new habits

The art of creating a new habit

The quarantine became the perfect time to try new things. External forces that dictated how our day was structured were -for the most part- gone(commute, social activities, work events) and we had recovered control over our time and how we wanted to spend it. I personally saw a lot of friends and co-workers struggling to adapt to having so much free time and no distractions that kept us from doing that one thing we always said we would like to try “if only we had more free time”.

I tried to take a different approach, and decided to do my best and re-purpose lock down into an opportunity. An opportunity to try new things. An opportunity to invest in myself and personal growth. An opportunity to create new habits, evolve existing habits, and break bad habits.

In this article I will be focusing on creating new habits. But I will soon be sharing more on evolving and breaking existing habits.

In my opinion, and based on my journey towards creating new habits in this new normal we live in, there are three core elements when it comes to creating a new habit — one that sticks.

  1. Create motivation.
  2. Acknowledge how you feel after exercising your new habit, and how you feel those days in which you don’t.
  3. Give it purpose and set an intention.

Create motivation

It’s normal for a new activity to feel like a task and for our mind to come up with 100 reasons as to why we could or should skip it.

Thus, it’s important that you define and create your motivation when attempting to create a new habit.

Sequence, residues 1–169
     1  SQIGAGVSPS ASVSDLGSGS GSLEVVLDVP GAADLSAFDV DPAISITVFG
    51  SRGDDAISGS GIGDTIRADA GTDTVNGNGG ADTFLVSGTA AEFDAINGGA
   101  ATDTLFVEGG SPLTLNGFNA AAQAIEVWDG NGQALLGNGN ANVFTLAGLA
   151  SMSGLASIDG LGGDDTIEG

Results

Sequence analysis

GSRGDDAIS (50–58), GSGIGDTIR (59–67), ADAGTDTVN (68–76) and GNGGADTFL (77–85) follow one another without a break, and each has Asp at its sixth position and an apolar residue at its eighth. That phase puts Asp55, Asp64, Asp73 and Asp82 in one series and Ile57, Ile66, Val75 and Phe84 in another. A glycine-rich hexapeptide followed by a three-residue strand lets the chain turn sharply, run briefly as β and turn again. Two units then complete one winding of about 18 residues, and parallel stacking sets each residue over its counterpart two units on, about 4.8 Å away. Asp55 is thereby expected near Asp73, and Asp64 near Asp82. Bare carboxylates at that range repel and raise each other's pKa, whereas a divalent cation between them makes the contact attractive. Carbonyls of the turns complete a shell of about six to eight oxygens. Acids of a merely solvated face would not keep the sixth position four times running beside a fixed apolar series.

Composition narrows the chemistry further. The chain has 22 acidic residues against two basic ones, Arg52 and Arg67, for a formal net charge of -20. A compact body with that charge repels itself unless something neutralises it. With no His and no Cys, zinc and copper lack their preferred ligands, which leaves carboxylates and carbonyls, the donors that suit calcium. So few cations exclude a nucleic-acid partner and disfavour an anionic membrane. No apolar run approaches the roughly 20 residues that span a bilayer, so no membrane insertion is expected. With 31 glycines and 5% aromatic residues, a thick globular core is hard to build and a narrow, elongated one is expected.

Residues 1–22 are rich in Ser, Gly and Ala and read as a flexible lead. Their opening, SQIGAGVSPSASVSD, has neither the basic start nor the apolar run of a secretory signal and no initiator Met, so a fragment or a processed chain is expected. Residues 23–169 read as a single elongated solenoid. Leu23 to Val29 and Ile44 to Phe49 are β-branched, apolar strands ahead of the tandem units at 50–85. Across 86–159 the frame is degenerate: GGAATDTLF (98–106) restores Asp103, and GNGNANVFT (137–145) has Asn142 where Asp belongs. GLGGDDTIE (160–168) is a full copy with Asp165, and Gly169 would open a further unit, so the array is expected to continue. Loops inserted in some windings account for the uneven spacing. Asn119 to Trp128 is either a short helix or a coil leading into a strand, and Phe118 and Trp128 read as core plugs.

The first new habit I wanted to incorporate into my life at the beginning of the quarantine, and more specifically into my morning routing, was a 20 minute stretch session. I wanted to do this mainly to fill in some of the time gaps (free time) in my morning now that I didn’t have to get ready to go to the office. I wanted to prevent myself from starting work too early. I also wanted to promote reflection, and start my day moving my body.

To create motivation I decided to take progress pictures. I picked four postures that were challenging for me, and took a picture of each one every Sunday for about month. This worked pretty well for myself. Every time I thought of skipping my morning stretch I reminded myself that my Sunday pictures were coming which in return helped me to push myself into the yoga mat.

By the second week, when I had already side by side pictures to compare and appreciate the progress I was hooked. I wanted to continue to get better at it and was appreciative of the effort that I was putting in and how it was paying off. There was physical progress.

New habits
Downward dog position progress.

Acknowledge how you feel after exercising your new habit, and how you feel those days in which you don’t

I would be lying if I say that every day was perfect. There were some days in which I skipped my morning stretch. This happened if for example I lost track of time in the morning so I was “late for work”.

I started noticing how different my energy level and focus were when I skipped stretching. My mind was scattered and I felt all over the place. My anxiety was also more easily triggered by little things such an email or a message from my team asking me for yet another task to be completed unexpectedly that day.